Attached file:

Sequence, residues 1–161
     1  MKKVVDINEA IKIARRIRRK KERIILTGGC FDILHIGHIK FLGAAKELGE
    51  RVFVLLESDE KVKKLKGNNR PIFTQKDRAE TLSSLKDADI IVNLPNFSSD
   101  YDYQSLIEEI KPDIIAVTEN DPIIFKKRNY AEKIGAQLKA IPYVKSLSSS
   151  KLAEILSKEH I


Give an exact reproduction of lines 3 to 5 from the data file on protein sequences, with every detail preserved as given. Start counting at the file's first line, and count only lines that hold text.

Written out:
    51  RVFVLLESDE KVKKLKGNNR PIFTQKDRAE TLSSLKDADI IVNLPNFSSD
   101  YDYQSLIEEI KPDIIAVTEN DPIIFKKRNY AEKIGAQLKA IPYVKSLSSS
   151  KLAEILSKEH I